Another program, the National Water Security Plan for Towns and Cities, will target infrastructure refurbishment, new infrastructure, and practical projects to save water and reduce water losses.

Water for the Future also includes an Improving Water Information Program. Administered by the Bureau of Meteorology, this program will produce national water accounts supported by a national water monitoring and data collection network (Wong 2008).

The Water Act 2007

The Commonwealth Water Act was initiated by the previous Australian Government in 2007 and commenced on 3 March, 2008 under the new government. The Water Act will "enable water resources in the MDB to be managed in the national interest, optimising environmental, economic and social outcomes" (DEWHA 2008c). The Act establishes the MDBA to manage water resources in the MDB in an integrated and sustainable way. The MDBA's functions include preparing a Basin Plan that sets sustainable limits on surface and groundwater that can be taken across the Basin. The MDBA will develop systems that facilitate water trading, and will be responsible for measuring and monitoring water resources in the MDB (DEWHA 2008c).

The Water Act establishes a Commonwealth Environment Water Holder. This holder will manage the the water entitlements that the Commonwealth acquires, in order to protect and restore environmental assets in the Basin (DEWHA 2008c).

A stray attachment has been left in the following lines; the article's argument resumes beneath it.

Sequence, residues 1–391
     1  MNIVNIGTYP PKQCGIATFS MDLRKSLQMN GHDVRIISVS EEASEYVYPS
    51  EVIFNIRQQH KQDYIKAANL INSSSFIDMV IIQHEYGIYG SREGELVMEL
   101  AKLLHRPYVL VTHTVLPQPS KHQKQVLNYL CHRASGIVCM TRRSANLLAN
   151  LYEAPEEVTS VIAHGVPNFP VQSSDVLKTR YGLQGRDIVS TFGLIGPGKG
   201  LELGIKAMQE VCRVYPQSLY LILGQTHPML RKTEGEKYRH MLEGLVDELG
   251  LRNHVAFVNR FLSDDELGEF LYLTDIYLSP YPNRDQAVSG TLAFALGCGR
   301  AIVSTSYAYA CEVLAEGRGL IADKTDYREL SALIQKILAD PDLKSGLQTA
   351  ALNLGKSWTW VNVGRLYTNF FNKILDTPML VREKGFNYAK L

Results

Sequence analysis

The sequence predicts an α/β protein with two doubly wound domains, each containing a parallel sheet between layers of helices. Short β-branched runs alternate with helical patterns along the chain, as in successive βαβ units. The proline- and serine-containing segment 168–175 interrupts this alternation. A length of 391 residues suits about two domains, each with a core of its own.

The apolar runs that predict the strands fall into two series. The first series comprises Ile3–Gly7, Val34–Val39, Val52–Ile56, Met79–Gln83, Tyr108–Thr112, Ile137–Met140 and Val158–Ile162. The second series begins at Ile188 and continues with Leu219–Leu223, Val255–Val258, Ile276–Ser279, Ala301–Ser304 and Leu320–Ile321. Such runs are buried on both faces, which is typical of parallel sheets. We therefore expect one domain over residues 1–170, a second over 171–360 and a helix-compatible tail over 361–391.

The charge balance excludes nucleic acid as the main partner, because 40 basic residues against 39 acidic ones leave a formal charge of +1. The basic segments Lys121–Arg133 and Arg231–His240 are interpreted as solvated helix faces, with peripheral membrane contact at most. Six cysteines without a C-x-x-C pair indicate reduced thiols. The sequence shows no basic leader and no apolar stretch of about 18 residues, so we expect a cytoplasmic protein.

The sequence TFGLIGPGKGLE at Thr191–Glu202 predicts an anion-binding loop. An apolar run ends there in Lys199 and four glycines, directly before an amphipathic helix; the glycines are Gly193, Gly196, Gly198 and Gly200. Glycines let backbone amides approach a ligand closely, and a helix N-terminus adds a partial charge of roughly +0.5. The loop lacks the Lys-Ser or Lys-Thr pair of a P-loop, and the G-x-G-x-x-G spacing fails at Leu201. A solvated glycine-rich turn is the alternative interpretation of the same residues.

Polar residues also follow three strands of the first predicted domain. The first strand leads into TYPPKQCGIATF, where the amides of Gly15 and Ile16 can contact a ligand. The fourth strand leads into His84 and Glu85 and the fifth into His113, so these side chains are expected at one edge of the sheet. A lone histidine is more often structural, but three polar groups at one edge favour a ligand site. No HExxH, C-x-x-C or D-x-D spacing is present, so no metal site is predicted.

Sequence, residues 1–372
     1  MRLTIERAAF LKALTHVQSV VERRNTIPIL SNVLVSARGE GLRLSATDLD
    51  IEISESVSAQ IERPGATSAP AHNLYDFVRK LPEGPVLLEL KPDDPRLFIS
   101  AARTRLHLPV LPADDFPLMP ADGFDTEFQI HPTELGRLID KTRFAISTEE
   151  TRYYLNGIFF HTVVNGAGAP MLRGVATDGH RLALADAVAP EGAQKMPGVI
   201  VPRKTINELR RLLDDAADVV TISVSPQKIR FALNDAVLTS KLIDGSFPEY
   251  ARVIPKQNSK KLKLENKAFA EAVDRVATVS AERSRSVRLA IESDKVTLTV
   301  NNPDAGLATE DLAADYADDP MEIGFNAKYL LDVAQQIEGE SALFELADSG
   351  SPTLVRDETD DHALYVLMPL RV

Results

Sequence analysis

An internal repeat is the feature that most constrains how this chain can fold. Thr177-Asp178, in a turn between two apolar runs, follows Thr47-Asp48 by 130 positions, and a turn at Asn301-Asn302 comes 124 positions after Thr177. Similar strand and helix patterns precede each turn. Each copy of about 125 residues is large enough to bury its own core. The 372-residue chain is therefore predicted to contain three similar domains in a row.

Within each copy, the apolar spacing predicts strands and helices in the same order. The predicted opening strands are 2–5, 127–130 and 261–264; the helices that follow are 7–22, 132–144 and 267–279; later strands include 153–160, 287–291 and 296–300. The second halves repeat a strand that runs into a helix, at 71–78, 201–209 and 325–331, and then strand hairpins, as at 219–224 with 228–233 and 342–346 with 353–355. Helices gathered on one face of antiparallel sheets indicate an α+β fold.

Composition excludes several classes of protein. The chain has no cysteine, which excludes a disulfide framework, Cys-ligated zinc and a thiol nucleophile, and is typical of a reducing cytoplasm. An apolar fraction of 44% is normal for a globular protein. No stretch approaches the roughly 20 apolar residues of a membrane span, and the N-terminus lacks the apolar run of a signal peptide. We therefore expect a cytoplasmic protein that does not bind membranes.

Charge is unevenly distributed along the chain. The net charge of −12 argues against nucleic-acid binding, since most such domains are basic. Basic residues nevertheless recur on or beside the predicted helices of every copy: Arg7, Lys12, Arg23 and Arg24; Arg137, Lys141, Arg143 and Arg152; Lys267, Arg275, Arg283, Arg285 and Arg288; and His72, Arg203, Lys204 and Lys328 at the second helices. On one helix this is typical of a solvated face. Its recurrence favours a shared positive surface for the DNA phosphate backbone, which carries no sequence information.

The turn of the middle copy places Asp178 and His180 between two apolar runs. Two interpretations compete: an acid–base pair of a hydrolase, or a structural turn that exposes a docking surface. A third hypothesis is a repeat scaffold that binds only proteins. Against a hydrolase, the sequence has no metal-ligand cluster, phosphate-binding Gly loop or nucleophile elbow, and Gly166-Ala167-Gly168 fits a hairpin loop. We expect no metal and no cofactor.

The Act provides the Australian Competition and Consumer Commission (ACCC) with the role of developing and enforcing water charge and market rules. The aim of these new functions is to ensure that water markets are able to operate freely across state borders (DEWHA 2008c).

The Act also provides the Bureau of Meteorology (BoM) with water information collection and publication functions. The BoM will also be responsible for setting and implementing national water standards for water information (DEWHA 2008c).

Drought and Exceptional Circumstances

In the mid-1990s, it was recognised that there were circumstances that warranted government intervention in the form of drought assistance, and drought and Exceptional Circumstances policies were initiated to mitigate the affects of extreme events on agricultural production.

Exceptional Circumstances (EC) events are defined as rare and severe events that are outside those that farmers could normally be expected to manage using responsible farm management strategies. Specifically, they are events that occur on average once every 20 to 25 years and that have an impact on income for a prolonged period (DAFF 2007a). The framework for assessing drought was based on 6 principles: meteorological conditions, agronomic and stock conditions, water supplies, environmental impacts, farm income levels, and, scale of the event (DAFF 2008).

Operationally, an area must become 'EC declared' before farmers can apply to receive assistance (DAFF 2008).